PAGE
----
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    The Russophobia campaign in Montenegro is doomed to boomerang.

    Why the Russophobia Campaign in Montenegro is Doomed to Boomerang

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    As the Parliament of Montenegro is set to vote on the ratification of the country's agreement with NATO on its accession to the block later this week, Sputnik Serbia examines the anti-Russia campaign in the country and looks how it might backfire on the political life of the country.

    The negative attitude of the Montenegrin ruling elite towards its people and Russia has been noted long ago. The culmination of the process is expected on April 28 in Cetinje, Old Royal Capital of Montenegro, where the country's parliament is set to vote on the ratification of the agreement with NATO on Montenegro's accession to the block," reads the analytical article of Sputnik Serbia on the issue.

    It further recalls the remarks of Russia’s Foreign Ministry spokeswoman, Maria Zakharova, who noted last week that "the current situation in Montenegro is clearly unfavorable for Russian citizens."

    "A dramatic decline in bilateral relations provoked by Podgorica (the capital city of Montenegro), the upcoming accession of Montenegro to NATO and the Montenegrin authorities’ decision to join all the EU sanctions against Russia provide the backdrop for an upsurge in anti-Russia hysteria," Zakharova said at her weekly briefing on Thursday, when replying to a media question about the situation with Russian citizens in Montenegro.

    "The general attitude to Russian business and Russians is becoming increasingly negative, and the ruling coalition is fostering a hostile attitude in Montenegrin society towards Russia and Russian citizens. In this situation, we cannot rule out the possibility of provocations, arrests of Russians on questionable charges and their extradition to other countries, primarily the United States," she added.

    "The rise in anti-Russia sentiments, which is not typical of Montenegrins, is the doing of the country’s political authorities. The recent decision by Podgorica to grant a 90-day visa-free entry to Russian citizens is a ploy that cannot hide changes in the attitude towards Russia that is being fostered to please the West," the spokeswoman stated.

    The comments of Maria Zakharova are enough to understand the basic line of relationship between new Montenegro and Russia not only for serious political analysts, but for ordinary people, says Sputnik Serbia. Ordinary people want one thing while the authorities, who think as ordered by Washington and Brussels, pursue something entirely different.

    In such small countries as Montenegro, everyone knows what others think, it says.

    The only explanation why the authorities do not want to adhere to the will of the majority of their people is a fear to lose the power. The negative attitude of the ruling elite towards its people and Russia is being supported by the remarks of Milo Đukanović (former Montenegrin Prime Minister) and his oligarchy and recent baseless accusations of the Kremlin of a coup d'etat attempt during the parliamentary elections in the country (October last year).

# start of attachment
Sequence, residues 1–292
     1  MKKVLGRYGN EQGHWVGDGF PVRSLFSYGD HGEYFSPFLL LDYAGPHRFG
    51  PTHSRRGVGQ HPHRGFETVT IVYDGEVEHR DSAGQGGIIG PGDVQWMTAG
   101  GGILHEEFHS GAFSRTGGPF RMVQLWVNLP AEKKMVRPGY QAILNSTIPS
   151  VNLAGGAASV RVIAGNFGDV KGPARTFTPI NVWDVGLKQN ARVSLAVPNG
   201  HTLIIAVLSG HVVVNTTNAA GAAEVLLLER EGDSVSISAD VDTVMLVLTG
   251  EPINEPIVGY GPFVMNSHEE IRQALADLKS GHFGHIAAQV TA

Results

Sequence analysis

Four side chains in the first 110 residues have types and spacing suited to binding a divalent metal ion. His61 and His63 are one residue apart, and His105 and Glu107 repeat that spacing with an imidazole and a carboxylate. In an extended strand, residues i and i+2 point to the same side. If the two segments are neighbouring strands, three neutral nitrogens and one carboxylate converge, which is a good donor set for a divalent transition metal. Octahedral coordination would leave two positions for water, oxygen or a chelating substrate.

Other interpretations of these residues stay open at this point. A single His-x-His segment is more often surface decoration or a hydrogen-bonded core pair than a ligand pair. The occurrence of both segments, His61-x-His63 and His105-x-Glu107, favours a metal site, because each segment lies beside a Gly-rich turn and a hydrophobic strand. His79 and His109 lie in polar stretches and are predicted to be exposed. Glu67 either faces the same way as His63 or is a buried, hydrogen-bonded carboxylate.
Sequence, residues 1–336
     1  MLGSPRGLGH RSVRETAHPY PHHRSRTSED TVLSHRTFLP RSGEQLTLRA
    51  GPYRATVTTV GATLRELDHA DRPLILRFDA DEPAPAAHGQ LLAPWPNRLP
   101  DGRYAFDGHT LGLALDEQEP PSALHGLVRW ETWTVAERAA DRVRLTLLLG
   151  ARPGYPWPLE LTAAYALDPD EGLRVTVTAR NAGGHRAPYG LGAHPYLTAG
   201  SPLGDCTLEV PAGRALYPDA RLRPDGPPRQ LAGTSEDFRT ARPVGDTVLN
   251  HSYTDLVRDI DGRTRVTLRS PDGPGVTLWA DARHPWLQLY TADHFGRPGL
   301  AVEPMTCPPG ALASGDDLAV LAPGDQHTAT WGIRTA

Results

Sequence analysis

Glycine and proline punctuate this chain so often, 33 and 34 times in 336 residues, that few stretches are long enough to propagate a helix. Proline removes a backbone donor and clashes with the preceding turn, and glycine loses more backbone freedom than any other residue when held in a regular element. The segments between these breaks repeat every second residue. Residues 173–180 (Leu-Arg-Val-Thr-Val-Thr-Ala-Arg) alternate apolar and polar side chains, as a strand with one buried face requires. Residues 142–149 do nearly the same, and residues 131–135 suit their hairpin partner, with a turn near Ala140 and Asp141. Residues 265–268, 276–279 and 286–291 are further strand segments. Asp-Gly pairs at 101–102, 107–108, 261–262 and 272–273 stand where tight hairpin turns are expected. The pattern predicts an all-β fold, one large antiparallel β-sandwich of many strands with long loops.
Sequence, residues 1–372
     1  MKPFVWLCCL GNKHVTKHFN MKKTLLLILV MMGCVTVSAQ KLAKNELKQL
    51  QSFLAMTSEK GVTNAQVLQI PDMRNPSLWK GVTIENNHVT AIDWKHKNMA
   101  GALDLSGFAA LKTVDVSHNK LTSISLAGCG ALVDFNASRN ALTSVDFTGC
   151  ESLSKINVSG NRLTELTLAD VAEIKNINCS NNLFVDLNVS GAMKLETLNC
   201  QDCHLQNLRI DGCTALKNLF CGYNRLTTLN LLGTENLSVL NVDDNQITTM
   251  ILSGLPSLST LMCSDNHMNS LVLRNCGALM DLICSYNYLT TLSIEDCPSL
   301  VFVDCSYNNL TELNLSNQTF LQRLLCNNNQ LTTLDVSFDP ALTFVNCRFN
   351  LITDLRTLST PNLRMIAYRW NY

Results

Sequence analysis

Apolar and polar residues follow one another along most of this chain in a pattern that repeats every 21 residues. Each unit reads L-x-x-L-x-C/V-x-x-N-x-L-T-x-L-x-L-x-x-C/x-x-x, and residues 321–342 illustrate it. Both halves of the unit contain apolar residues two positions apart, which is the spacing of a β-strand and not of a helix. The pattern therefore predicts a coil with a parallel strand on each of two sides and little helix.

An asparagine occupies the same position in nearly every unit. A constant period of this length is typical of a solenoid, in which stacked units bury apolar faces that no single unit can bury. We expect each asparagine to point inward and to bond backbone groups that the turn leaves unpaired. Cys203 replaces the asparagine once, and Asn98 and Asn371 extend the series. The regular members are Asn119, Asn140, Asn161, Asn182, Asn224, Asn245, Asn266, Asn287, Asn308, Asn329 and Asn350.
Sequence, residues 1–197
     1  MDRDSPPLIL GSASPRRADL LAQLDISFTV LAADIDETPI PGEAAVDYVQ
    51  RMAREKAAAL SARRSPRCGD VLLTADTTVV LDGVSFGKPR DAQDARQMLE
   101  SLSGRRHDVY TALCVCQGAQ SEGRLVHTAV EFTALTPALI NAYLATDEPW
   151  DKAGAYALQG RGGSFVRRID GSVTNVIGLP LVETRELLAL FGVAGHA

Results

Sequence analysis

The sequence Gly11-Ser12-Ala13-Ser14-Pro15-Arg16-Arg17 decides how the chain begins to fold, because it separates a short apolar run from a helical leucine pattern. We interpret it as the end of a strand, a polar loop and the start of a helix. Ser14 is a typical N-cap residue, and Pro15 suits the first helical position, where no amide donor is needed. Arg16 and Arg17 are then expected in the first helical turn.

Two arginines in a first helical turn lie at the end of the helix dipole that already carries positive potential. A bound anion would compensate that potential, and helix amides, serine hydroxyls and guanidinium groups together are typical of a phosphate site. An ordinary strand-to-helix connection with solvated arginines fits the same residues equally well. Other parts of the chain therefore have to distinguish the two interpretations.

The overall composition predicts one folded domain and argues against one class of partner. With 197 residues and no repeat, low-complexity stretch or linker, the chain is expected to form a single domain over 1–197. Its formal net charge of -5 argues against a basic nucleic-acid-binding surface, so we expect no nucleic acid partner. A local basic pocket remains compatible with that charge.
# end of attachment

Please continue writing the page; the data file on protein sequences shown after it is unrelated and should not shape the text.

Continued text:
Sputnik Serbia notes that the decision on NATO accession is being made by the parliament and not at a public referendum. Thus the opposition Democratic Front (DF) have announced its protests and appealed to the rest of the opposition to join them on Friday, April 28, the day of the parliamentary vote.

    "It is of primary importance to the West that Russia's long-time ally Montenegro, which had been once called Serbian Sparta, joins the alliance and becomes a symbol of its germinating power. It is yet another signal to Moscow that the Balkans are currently under the boots of the US, even though they still have little room for maneuver," the website says.

    It further suggested that the ruling regime of Montenegro will lead to the loss of its identity and ties with Serbia and to the escalation of tensions in the society as the majority of Montenegrins are against the accession. Otherwise such a decision would have been made at a referendum. The positive parliamentary decision, it says, will lead to the confrontation with Russia.

    "On the one hand, Moscow understands only too well what the key NATO's positions in Europe are. Montenegro is not on the list. Hence it would be ridiculous to suppose that Moscow might take any responsive measures and form any special military units for an attack on Montenegro," the website says.

    "On the other hand, it does not mean that the Kremlin will graciously watch it and that Montenegro won't experience any consequences of such destructive policies. The only question is how long Montenegrin people will remain victims of such egoistic decisions of a small bunch of politicians," it finally stated.

    Tags:
    NATO accession, vote, NATO, Europe, Russia, Montenegro, Serbia
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